David Page has composed a score to evoke the “heritage, mystery, threat and natural beauty” of the lake. It’s simultaneously classical and contemporary and a little bit magical, as if there were water sprites and desert fairies peeking over Page’s shoulder at the time in a bid to keep him honest. The use of spoken voice in Shields perfectly unsettles us.

As we live through the transition of the lake, from scorching, wind-swept desert to a vast inland sea thriving with life and renewed, inspired strength, we see the connection the Arabunna people have with their land. We see the connection the Aboriginal people have with this great southern land. Some of us might even feel that strongly, a similar sense of place and belonging. For those who do not, the collective skill and the organic, sensual beauty of these dancers, caught within the work of art that is Bangarra’s newest production, might stir something in you yet. Be quick, Terrain closes on Sunday.

Deluge TERRAIN

UPDATE

From Bangarra to Ballet – we farewell Ella Havelka with her last performance on

Sunday October 7, QPAC Brisbane.

Having performed in 2012 at Lincoln Centre, New York, in Ulaanbaatar, Mongolia, across 6 major Australian cities, and in remote towns such as Maree, South Australia, leading young Indigenous dancer Ella Havelka will perform for the final time with Bangarra in the closing night of the Brisbane season of TERRAIN following her acceptance of an invitation from The Australian Ballet to join the company.

The invitation is a homecoming of sorts for Ella, who trained with the Australian Ballet School, graduating in 2007 after touring with the dancers company. Now after 4 years with Bangarra Ella continues her journey of fulfilling her long held dream of being a ballerina.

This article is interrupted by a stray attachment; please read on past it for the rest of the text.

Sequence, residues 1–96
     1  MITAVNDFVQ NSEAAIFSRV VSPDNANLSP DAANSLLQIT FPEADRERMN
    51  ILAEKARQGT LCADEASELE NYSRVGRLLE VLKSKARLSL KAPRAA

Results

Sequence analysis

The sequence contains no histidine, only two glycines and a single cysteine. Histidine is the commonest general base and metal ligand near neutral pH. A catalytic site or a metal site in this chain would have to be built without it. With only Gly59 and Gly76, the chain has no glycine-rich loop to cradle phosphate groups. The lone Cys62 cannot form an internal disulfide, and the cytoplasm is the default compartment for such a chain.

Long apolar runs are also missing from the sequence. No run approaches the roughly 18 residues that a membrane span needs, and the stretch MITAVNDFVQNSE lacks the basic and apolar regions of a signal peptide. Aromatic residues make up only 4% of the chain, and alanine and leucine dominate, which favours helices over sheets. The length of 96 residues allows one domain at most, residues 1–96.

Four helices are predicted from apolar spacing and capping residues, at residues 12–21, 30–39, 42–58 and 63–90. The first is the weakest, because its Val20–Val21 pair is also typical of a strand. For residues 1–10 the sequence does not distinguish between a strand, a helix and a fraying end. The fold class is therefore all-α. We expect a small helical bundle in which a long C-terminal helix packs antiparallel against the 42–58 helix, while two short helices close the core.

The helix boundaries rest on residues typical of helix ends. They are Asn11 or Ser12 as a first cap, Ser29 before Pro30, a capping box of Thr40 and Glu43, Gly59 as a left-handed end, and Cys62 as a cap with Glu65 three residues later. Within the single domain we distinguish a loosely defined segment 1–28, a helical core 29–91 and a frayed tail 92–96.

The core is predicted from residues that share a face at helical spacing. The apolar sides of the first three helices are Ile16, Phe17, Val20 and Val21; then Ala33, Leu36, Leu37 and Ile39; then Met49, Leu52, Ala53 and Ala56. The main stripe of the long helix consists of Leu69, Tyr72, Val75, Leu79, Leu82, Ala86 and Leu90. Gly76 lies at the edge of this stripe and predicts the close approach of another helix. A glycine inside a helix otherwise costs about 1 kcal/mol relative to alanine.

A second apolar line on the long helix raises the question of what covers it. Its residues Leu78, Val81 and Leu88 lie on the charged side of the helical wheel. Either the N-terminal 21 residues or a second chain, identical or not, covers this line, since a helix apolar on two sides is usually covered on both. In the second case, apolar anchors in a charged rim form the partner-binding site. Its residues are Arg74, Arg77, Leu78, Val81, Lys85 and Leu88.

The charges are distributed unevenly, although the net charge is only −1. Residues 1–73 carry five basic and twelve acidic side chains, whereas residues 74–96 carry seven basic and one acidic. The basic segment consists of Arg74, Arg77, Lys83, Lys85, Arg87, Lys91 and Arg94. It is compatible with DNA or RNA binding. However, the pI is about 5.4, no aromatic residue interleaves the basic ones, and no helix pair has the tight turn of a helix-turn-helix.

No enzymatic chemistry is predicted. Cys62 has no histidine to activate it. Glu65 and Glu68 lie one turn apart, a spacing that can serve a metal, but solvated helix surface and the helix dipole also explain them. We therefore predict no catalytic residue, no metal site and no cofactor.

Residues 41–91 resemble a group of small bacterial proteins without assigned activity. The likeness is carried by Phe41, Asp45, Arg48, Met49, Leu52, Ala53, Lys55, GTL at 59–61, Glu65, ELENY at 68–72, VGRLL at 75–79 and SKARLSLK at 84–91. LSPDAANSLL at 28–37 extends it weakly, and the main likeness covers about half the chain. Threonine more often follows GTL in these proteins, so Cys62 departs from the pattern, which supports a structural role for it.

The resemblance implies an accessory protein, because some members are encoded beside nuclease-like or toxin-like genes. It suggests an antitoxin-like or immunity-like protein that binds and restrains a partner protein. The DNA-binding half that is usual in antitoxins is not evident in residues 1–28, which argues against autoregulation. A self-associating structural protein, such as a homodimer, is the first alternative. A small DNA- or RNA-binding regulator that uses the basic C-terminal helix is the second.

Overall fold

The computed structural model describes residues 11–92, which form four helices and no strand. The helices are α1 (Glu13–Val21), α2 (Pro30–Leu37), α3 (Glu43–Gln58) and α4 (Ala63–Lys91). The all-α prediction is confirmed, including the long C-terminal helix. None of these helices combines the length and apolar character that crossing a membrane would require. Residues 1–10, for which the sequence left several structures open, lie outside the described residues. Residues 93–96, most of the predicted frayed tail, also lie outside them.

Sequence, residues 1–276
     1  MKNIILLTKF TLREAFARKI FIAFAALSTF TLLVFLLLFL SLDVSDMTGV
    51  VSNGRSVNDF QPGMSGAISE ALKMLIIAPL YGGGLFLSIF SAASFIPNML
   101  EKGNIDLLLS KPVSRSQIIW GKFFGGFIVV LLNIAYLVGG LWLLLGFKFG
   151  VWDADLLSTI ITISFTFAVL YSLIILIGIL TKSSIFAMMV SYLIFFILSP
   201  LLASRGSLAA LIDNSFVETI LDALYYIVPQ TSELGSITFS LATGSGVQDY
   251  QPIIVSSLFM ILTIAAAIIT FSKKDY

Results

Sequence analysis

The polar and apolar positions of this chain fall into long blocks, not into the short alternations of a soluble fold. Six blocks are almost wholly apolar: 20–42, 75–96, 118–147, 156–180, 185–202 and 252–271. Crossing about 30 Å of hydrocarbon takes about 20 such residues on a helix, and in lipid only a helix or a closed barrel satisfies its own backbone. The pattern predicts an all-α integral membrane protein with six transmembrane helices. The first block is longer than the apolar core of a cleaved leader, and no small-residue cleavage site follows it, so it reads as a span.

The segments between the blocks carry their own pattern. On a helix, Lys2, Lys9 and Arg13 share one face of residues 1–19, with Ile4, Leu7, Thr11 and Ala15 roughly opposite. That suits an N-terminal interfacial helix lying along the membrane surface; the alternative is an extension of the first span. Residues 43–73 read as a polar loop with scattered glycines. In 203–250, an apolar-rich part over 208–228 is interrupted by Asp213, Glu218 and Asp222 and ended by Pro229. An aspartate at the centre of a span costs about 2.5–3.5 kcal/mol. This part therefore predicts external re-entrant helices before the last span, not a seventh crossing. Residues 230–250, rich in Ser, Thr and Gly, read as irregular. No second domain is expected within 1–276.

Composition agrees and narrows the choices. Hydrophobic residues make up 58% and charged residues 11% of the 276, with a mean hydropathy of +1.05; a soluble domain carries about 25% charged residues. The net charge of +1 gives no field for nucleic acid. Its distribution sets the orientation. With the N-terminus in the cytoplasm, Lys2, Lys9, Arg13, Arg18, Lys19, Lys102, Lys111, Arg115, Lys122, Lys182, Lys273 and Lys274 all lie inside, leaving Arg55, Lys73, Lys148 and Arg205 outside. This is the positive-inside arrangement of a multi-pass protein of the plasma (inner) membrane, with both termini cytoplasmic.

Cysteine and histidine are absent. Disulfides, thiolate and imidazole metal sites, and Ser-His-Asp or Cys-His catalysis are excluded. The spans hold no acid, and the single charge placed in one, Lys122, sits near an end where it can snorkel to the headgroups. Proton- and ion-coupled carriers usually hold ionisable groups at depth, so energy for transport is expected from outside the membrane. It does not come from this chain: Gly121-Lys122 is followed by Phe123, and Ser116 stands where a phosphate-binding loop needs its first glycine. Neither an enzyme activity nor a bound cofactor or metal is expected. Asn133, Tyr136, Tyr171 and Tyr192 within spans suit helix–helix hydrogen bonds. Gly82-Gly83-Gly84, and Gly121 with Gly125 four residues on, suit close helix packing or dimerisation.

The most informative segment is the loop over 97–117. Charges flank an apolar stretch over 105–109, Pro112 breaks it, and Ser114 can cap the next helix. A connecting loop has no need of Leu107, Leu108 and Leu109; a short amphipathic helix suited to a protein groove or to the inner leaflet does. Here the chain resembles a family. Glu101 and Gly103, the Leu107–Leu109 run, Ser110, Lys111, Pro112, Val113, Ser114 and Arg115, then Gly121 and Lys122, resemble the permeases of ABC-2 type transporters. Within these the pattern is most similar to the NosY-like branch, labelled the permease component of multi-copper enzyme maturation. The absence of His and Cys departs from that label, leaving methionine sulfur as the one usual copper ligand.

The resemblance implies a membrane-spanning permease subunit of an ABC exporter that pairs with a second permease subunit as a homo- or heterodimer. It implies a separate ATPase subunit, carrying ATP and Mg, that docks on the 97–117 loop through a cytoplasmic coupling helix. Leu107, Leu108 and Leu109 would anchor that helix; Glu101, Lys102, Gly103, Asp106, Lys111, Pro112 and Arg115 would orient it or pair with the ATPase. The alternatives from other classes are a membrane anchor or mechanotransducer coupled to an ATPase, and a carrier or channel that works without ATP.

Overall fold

Ella commences her contract with The Australian Ballet immediately becoming the first ever Aboriginal dancer in the company’s history. Bangarra’s long association with The Australian Ballet began in 1999 with Stephen Pages’ acclaimed Rites. During 2012, as part of the Australian Ballet’s 50th Anniversary celebrations Stephen Page created Waramuk-in the dark night bringing both companies’ dancers together to perform at Lincoln Centre, New York.

Ella, a descendant of the Wiradjuri people, has had a remarkable journey with Bangarra growing as an artist, connecting to her culture, and performing across Australia and the world. Receiving a Dance scholarship

as a part of the Rio Tinto Aboriginal Fund Professional and Educational Development Program, Ella made her first appearance in Fire – A Retrospective in 2009 and was nominated as ‘Dancer to Watch’ in the Dance

Australia Critics Survey 2 years running. Since then she has performed in Stephen Page’s Mathinna nationally and regionally, in Bangarra’s of earth & sky, toured Europe with Spirit, performed nationally in the acclaimed

Belong and through teaching Bangarra’s workshops across regional and remote locations has helped many Aboriginal children to connect with their culture.

Bangarra’s Artistic Director Stephen Page said “Ella is one of this country’s greatest young talents and as she continues her journey as an Aboriginal woman and an Australian dance artist we wish her every success.

With her exceptional technique, strength and agility, her natural warmth and ability to connect with the audience we know she will thrive with the Australian Ballet when she trades knee-pads for pointe shoes!”

Ella’s final performance with Bangarra will be in TERRAIN this Sunday 7 October at QPAC in Brisbane. Described as a hymn to country, TERRAIN transports us to Lake Eyre the place of Australia’s inland sea: one of the few untouched natural waterways in the world. Bangarra explores the relationship of Indigenous people to country and how landscape becomes a second skin.